Franklin Marsh wrote: Crows is an excellent mood piece. Our main character visits his aunt's house, which he has been bequeathed. Wandering around the spooky interior, frightening childhood memories push their unwelcome attentions on him, as he nears the source of the horror. A disgusting Pan ending.

Coral King wrote: The collection opens with Crows, a marvellously well crafted haunted house tale by Frank Nicholas. Atmospheric and suspenseful, the tension heightening by such seamless increments as to leave the reader positively breathless. A fantastic beginning.

Regina vs. Zoskia by Mark Samuels: I've only read three of Mark Samuels' stories so far, more's the pity, but I've already begun to appreciate the careful way that he sets up familiar and believable, even prosaic settings and characters, before nudging the picture he's created maddeningly askew. So in Vrolyk a couple sit talking in a late night coffee bar and seem to have nothing to do with the insane and brilliant graffiti scrawled on the walls of the surrounding city streets. Then the picture is tilted and the streets become those of some early German surrealist film. But who is Caligari and who Cesare?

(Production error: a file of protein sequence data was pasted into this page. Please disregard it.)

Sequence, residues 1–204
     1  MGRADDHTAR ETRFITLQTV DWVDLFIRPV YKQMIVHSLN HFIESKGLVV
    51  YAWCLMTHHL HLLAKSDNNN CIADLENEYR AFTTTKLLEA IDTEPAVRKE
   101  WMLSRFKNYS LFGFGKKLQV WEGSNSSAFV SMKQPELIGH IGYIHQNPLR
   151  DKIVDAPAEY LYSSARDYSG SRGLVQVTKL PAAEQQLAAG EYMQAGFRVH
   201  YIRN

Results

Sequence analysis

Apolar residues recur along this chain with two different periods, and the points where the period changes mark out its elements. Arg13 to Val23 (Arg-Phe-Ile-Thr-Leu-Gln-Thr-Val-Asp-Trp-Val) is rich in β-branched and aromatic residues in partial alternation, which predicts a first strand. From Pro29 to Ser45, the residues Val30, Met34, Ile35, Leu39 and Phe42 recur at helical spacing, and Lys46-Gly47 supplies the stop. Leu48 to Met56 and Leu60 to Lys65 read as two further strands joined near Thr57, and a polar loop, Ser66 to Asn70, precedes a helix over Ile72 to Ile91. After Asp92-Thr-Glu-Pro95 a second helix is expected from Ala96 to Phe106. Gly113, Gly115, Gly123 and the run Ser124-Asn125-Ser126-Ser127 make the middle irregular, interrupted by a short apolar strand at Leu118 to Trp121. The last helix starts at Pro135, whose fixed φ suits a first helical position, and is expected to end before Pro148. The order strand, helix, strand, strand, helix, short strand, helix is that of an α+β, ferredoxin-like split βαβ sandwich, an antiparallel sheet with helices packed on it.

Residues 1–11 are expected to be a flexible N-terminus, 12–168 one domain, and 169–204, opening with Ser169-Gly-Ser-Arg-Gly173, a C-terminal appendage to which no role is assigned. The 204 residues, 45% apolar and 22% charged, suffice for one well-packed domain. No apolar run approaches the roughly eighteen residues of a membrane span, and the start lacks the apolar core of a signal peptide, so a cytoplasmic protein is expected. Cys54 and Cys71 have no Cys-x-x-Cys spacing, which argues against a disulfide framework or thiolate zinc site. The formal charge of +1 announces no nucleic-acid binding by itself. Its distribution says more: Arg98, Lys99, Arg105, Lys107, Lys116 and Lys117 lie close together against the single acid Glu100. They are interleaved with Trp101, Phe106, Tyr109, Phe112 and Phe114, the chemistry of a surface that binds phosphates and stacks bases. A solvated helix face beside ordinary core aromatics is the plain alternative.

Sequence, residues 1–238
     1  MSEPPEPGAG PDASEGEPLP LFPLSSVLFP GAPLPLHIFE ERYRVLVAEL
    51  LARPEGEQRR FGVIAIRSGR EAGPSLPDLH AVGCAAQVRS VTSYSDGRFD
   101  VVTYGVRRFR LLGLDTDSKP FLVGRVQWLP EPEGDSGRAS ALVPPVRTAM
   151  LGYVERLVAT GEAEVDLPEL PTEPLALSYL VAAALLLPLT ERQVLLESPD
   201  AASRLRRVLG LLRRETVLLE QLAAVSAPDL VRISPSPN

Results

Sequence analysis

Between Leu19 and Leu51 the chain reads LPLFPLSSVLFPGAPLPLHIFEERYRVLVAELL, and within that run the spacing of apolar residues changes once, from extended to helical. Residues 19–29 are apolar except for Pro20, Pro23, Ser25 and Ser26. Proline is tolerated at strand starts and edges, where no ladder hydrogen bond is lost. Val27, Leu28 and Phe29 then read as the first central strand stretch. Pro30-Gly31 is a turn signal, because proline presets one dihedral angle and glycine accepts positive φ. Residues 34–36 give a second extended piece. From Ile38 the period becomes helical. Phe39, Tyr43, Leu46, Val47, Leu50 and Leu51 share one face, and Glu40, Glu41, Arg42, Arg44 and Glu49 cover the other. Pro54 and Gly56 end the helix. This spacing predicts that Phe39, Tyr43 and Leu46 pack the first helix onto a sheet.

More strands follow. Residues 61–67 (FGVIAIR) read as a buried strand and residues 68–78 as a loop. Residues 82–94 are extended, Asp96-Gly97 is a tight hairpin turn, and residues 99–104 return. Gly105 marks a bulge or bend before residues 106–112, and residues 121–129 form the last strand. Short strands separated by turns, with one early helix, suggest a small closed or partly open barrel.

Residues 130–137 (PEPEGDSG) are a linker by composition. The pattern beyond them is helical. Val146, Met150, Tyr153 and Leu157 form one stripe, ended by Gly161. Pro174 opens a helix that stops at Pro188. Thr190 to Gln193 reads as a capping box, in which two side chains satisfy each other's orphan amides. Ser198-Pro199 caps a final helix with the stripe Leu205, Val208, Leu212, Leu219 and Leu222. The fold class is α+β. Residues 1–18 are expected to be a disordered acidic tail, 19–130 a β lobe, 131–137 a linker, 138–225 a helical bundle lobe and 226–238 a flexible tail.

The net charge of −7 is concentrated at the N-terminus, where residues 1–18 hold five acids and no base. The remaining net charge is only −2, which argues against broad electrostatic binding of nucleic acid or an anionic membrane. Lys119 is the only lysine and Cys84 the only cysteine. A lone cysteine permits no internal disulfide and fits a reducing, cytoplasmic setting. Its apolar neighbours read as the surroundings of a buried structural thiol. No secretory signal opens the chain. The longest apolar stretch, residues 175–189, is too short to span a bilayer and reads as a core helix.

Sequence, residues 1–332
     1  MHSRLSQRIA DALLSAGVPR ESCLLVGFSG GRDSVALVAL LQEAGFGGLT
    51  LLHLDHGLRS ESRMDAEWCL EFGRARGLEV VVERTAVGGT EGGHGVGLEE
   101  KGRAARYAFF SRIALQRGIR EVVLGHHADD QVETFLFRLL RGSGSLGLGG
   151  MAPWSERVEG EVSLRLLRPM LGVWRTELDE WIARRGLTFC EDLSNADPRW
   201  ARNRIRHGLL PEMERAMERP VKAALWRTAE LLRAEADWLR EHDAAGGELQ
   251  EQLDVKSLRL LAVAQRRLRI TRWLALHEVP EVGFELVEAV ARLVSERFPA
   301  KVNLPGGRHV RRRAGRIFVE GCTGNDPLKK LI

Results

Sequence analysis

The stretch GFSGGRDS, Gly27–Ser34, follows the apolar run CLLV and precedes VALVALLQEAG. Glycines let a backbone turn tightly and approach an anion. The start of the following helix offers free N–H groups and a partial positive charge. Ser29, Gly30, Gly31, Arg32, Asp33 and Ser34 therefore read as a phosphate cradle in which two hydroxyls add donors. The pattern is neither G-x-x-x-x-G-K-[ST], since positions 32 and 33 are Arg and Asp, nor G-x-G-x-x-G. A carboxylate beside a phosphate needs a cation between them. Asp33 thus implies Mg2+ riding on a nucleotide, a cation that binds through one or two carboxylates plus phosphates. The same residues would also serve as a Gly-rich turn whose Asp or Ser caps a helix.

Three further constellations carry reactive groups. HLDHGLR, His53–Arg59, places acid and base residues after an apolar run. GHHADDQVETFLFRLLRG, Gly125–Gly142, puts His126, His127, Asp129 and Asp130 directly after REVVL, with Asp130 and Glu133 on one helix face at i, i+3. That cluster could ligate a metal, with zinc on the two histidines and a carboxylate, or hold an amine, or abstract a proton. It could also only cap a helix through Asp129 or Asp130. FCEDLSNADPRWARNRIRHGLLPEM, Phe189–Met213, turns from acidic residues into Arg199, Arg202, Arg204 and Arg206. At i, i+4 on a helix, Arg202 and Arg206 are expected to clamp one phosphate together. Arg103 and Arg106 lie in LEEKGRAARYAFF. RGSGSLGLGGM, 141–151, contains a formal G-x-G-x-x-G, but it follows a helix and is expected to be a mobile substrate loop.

In Regina vs. Zoskia, Dunn is a young solicitor who is instructed by his boss Jackson to take on a case which promises to run interminably, and which Jackson expects to "finish him off". He drives Dunn out of the city to a place formerly used as an insane asylum. Its Director is the enigmatic Dr Zoskia. Jackson explains how the firm had become involved.

"When the inmates decided they no longer wished to be classed as insane. They've been challenging the legal basis on which the definition rests for the last forty-odd years."

The description of the former asylum and its occupants, filthy, the place littered with broken medical equipment, is disturbing and fascinating. At one point, the suggestion that Dunn might have either heard or imagined a peculiarly off-key remark adds to the air of disquiet. But I really don't want to give too much away here.